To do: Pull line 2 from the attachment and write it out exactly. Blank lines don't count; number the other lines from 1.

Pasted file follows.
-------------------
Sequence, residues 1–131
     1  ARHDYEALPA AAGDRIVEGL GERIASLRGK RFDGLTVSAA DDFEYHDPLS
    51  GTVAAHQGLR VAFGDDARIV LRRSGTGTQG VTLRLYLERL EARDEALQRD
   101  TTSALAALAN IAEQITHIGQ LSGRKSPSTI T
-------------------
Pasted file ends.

     1  ARHDYEALPA AAGDRIVEGL GERIASLRGK RFDGLTVSAA DDFEYHDPLS